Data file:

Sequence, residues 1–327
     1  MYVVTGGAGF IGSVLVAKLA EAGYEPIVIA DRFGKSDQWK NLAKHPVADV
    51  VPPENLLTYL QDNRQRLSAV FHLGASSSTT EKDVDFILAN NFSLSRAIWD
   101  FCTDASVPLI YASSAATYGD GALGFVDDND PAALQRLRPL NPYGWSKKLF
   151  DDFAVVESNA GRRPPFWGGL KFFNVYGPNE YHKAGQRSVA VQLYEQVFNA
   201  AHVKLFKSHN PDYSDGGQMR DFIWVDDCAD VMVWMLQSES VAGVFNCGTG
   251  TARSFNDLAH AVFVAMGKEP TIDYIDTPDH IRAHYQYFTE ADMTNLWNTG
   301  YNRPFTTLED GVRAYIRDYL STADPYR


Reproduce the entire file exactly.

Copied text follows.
Sequence, residues 1–327
     1  MYVVTGGAGF IGSVLVAKLA EAGYEPIVIA DRFGKSDQWK NLAKHPVADV
    51  VPPENLLTYL QDNRQRLSAV FHLGASSSTT EKDVDFILAN NFSLSRAIWD
   101  FCTDASVPLI YASSAATYGD GALGFVDDND PAALQRLRPL NPYGWSKKLF
   151  DDFAVVESNA GRRPPFWGGL KFFNVYGPNE YHKAGQRSVA VQLYEQVFNA
   201  AHVKLFKSHN PDYSDGGQMR DFIWVDDCAD VMVWMLQSES VAGVFNCGTG
   251  TARSFNDLAH AVFVAMGKEP TIDYIDTPDH IRAHYQYFTE ADMTNLWNTG
   301  YNRPFTTLED GVRAYIRDYL STADPYR